Laser Express of Tennessee, Limited., Inc., based in Nashville, and its owner, Jeff Richfield, have agreed to pay $374,000 in consumer redress to settle Federal Trade Commission charges that they engaged in the deceptive sale of office supplies. Named as defendants in "Operation Misprint," the FTC alleged that Laser Express misrepresented that consumers had ordered the office supplies that they shipped and/or billed to consumers. In addition to paying consumer redress, the defendants are permanently banned from engaging in the telemarketing and selling of non-durable office supplies, including toner cartridges.
In December 1999, the FTC announced "Operation Misprint"-- a multi-agency effort to crack down on bogus office and maintenance supply telemarketing schemes that targeted large and small businesses and non-profit organizations. In "Operation Misprint," the Commission alleged that the defendants duped their victims into accepting and paying for shipments of unordered merchandise. The FTC filed a complaint against Laser Express of Tennessee, Ltd., Inc., doing business as Laser Express Limited, Data Supply International, Cartridge Express Limited, International Cartridge Supply, International Data Supply Company, and International Supply Company, and Jeff Richfield. The complaint alleged that the defendants violated the FTC Act and the Telemarketing Sales Rule (TSR).
According to the FTC, Laser Express sold non-durable office supplies to large and small businesses, as well as to government agencies and nonprofit institutions, that used ink toner or other office supplies. The defendants routinely sent unordered merchandise. In some instances, they shipped merchandise even after the business refused to place an order. In other instances, they obtained an order by using deceptive claims and then sent additional unordered shipments. Laser Express often falsely claimed that a current or former employee had ordered the supplies and tried to find someone else within the company to accept the shipment of "ordered" supplies. On occasion, they even misrepresented that an employee in another department had ordered the toner cartridges but could no longer use them, thereby getting an employee to accept the shipment by using false pretenses.
The FTC further alleged that Laser Express used a variety of other false and misleading statements over the telephone to induce businesses to order office supplies, often stating that they were the regular supplier or were affiliated with the regular supplier. In addition, Laser Express billed the businesses at prices substantially higher than the regular price that the business had been paying, after stating that the supplies would come with a discount or special pricing. Laser Express would sometimes justify its higher price by falsely claiming that its toner lasted one-and-a-half to two or three times longer than ordinary toner. The settlement announced today resolves the case.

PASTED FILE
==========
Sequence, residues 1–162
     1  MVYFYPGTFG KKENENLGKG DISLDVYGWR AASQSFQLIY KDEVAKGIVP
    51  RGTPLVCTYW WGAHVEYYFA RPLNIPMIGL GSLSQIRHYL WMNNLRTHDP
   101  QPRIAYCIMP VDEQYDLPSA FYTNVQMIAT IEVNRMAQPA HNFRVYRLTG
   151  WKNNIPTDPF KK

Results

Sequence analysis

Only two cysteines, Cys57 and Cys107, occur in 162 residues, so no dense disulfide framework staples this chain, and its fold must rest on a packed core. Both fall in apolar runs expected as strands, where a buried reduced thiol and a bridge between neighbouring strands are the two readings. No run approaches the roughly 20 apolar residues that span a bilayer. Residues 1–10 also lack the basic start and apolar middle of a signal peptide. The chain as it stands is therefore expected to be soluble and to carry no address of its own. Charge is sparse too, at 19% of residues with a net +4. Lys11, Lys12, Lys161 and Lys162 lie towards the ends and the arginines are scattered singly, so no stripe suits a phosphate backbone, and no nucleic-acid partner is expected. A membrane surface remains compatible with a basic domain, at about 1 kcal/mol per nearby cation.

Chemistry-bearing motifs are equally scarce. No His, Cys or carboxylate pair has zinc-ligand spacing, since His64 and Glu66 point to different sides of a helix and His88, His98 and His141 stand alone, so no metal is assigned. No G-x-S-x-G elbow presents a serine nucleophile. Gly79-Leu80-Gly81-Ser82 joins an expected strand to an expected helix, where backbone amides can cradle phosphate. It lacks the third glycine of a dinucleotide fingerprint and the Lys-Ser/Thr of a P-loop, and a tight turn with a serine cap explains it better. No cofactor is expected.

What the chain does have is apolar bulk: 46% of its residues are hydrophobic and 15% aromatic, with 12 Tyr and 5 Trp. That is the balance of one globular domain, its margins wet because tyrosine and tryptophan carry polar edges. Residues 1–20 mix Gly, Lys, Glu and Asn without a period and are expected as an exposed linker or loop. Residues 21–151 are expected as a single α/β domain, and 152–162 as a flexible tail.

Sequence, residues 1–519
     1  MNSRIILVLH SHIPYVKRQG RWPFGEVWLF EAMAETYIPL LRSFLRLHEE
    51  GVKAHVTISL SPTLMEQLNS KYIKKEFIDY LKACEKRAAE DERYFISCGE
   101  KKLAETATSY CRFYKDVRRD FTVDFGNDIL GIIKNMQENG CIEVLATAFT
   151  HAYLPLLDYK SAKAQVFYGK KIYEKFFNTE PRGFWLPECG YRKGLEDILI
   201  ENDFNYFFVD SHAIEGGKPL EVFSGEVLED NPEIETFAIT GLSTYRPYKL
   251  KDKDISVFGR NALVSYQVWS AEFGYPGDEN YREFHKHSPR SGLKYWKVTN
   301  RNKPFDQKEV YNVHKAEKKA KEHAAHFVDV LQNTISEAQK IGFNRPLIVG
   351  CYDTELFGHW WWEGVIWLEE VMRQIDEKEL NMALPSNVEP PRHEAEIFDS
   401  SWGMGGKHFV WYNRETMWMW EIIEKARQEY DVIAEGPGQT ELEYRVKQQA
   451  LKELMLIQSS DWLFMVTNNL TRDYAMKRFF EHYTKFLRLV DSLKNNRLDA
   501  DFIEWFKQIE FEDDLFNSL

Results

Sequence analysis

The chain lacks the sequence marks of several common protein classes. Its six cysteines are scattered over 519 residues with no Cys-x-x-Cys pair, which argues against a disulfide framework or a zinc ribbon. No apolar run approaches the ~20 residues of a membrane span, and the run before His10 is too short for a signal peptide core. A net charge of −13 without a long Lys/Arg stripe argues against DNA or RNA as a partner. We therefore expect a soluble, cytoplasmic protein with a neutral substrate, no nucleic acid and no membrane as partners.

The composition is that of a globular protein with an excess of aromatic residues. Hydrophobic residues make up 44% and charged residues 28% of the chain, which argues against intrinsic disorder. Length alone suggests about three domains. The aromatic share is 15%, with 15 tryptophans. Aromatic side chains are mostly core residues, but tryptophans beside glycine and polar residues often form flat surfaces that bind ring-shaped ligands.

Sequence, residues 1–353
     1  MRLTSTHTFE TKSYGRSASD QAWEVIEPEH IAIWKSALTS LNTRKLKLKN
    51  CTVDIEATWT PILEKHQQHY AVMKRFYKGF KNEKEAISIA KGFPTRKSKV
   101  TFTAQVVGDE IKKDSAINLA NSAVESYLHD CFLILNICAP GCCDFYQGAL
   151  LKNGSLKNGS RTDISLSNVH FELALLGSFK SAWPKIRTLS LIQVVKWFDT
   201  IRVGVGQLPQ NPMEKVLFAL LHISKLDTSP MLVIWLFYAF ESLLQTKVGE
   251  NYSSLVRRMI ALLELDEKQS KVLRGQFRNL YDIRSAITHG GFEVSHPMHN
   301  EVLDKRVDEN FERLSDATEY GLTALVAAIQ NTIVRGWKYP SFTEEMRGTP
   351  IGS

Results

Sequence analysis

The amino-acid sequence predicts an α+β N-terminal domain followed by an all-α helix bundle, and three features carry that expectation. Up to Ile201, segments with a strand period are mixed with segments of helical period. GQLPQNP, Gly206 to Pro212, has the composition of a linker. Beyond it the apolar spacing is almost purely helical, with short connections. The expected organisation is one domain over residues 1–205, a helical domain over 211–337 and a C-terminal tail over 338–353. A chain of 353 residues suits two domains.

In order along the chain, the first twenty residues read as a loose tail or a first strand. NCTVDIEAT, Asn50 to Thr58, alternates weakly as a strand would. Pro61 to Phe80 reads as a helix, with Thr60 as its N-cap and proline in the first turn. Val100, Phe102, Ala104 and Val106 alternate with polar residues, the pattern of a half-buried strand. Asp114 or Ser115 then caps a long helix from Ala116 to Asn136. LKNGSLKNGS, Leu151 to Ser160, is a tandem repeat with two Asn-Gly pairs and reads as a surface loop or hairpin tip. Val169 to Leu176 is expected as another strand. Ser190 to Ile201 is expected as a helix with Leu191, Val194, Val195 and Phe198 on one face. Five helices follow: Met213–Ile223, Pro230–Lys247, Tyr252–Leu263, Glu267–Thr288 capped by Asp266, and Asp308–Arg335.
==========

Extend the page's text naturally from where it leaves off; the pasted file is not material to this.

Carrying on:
The settlement, which required the court's approval, prohibits the defendants from engaging in violations of the FTC Act and the TSR. The defendants are prohibited from, among other things:
shipping unordered goods;
billing for unordered goods;
misrepresenting any association with the consumer or their regular supplier, the price of good or services, including discounts or special prices, how long any goods or services will last; and
misrepresenting the purpose of telemarketing calls, or that a person had ordered the supplies the defendant had shipped, or that consumers have an obligation to pay for merchandise they did not order.
The settlement permanently bans the defendants from selling non-durable office supplies. In the event that Richfield does sell other products in the future, the settlement requires him to make sales calls or pitches to the Purchasing Department or to the highest purchasing official in any target business.
In addition, the settlement requires the defendants to pay $374,000 in consumer redress. The settlement contains an avalanche clause for $7 million to be paid if the FTC finds that the defendants made any misrepresentations or omissions in financial statements submitted to the FTC. The settlement also prohibits the defendants from selling their customer lists and from transferring business information. The settlement contains various recordkeeeping requirements to assist the FTC in monitoring the defendant's compliance.
The Commission vote authorizing staff to file the stipulated final judgment and order was 5-0. It was filed in the U.S. District Court for the Middle District of Tennessee, Nashville Division, and entered by the court on December 28, 2000. The FTC's Southeast Region Office - Atlanta handled the investigation.
NOTE: This stipulated final judgment and order is for settlement purposes only and does not constitute an admission by the defendants of a law violation. The stipulated order is subject to court approval and has the force of law when signed by the judge.
Copies of the Stipulated Order are available from the FTC's web site at http://www.ftc.gov and also from the FTC's Consumer Response Center, Room 130, 600 Pennsylvania Avenue, N.W., Washington, D.C. 20580. The FTC works for the consumer to prevent fraudulent, deceptive and unfair business practices in the marketplace and to provide information to help consumers spot, stop and avoid them. To file a complaint, or to get free information on any of 150 consumer topics, call toll-free, 1-877-FTC-HELP (1-877-382-4357), or use the online complaint form. The FTC enters Internet, telemarketing and other fraud-related complaints into Consumer Sentinel, a secure, online database available to hundreds of civil and criminal law enforcement agencies worldwide.
(FTC Matter No. X000015)
(Civil Action No. 3-99-1135)
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